Session Title: SLE – Clinical Poster I: Epidemiology & Pathogenesis
Session Type: Poster Session (Sunday)
Session Time: 9:00AM-11:00AM
Background/Purpose: Diagnosis and classification of patients as having systemic lupus erythematosus (SLE) is critical in daily clinical practice as well as for clinical trials and observational studies. The objective of this study was to identify whether patients would be classified earlier using the 2018 EULAR/ACR criteria than the physicians’ diagnosis and what items may help for the earlier diagnosis in a multiethnic lupus cohort.
Methods: Patients from a Latin American, multiethnic, multicenter cohort were included. For these analyses, the 2018 EULAR/ACR items were evaluated to determine which clinical manifestations and/or laboratory parameters could be of help to attain an earlier classification of patients. Categorical variables were compared using Chi-square. A p-value of 0.05 was set as the level of statistical significance. The statistical analyses were performed using SAS software version 9.4.
Results: One thousand forty-seven patients out of 1480 were analyzed. Of them, 979 patients fulfilled the 2018 EULAR/ACR criteria and 68 patients did not. Of those who fulfilled the 2018 EULAR/ACR criteria, the mean (±SD) age at diagnosis was 28.0 (12.5) years; 10.6% were African-Latin Americans, 38.5% Mestizos, 48.9% Caucasians, and 2.0% others. A total of 177 (18.1%) patients achieved the 2018 EULAR/ACR criteria earlier, 483 (49.3%) at the same time and 319 (32.6%) did it later. So considering patients diagnosed later (n=319) and those that could not be included (n=68), the 2018 EULAR/ACR criteria recognized as lupus at the same time or earlier, only about two-thirds [660/1047 (63%)] of the patients diagnosed by expert physicians. Patients who accrued the 2018 EULAR/ACR later were more likely to have positive anticardiolipin antibodies and/or the lupus anticoagulant; low complement levels were not uniformly distributed among the three groups but a clear pattern did not emerge. No differences were found in the clinical items of the criteria.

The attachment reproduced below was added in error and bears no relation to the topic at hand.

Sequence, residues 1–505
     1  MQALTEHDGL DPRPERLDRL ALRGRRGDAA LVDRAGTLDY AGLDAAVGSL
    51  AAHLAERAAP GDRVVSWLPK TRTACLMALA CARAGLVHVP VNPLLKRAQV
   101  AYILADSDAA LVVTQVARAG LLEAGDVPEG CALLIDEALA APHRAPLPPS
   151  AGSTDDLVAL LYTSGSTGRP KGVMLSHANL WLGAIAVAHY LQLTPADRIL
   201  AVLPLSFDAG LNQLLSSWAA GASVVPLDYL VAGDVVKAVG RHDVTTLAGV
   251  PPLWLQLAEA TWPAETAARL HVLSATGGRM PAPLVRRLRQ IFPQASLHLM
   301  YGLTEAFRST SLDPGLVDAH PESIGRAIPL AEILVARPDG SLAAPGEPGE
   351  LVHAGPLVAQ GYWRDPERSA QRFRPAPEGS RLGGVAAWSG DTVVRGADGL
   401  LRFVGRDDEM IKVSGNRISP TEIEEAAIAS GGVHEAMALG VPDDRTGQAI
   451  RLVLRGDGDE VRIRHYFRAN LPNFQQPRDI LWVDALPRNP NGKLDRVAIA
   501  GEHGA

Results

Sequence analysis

Conclusion: When the 2018 EULAR/ACR set of criteria were compared to the judgment of expert physicians no clinical or laboratory variable was found to allow earlier classification of lupus except for the presence of aPL antibodies which were more frequent among those diagnosed later. As compared with the physician’s clinical diagnosis, the new criteria do not seem to have a good performance for the early classification of lupus patients in this real-life scenario in a multiethnic cohort. To our knowledge this is the first independent comparison of the new proposed criteria for SLE and the gold standard diagnostic method, that is the physician’s diagnosis.
To cite this abstract in AMA style:Serrano R, Pons-Estel G, Ugarte-Gil M, Harvey G, Wojdyla D, Saurit V, Soriano E, Bonfa E, Massardo L, Cardiel M, Quintana R, Alarcón G, Pons-Estel B. Comparison of the Physicians’ Clinical Diagnosis and the EULAR/ACR Classification Criteria for Systemic Lupus Erythematosus in a Multiethnic Cohort [abstract]. Arthritis Rheumatol. 2019; 71 (suppl 10). https://acrabstracts.org/abstract/comparison-of-the-physicians-clinical-diagnosis-and-the-eular-acr-classification-criteria-for-systemic-lupus-erythematosus-in-a-multiethnic-cohort/. Accessed December 5, 2020.
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ACR Meeting Abstracts - https://acrabstracts.org/abstract/comparison-of-the-physicians-clinical-diagnosis-and-the-eular-acr-classification-criteria-for-systemic-lupus-erythematosus-in-a-multiethnic-cohort/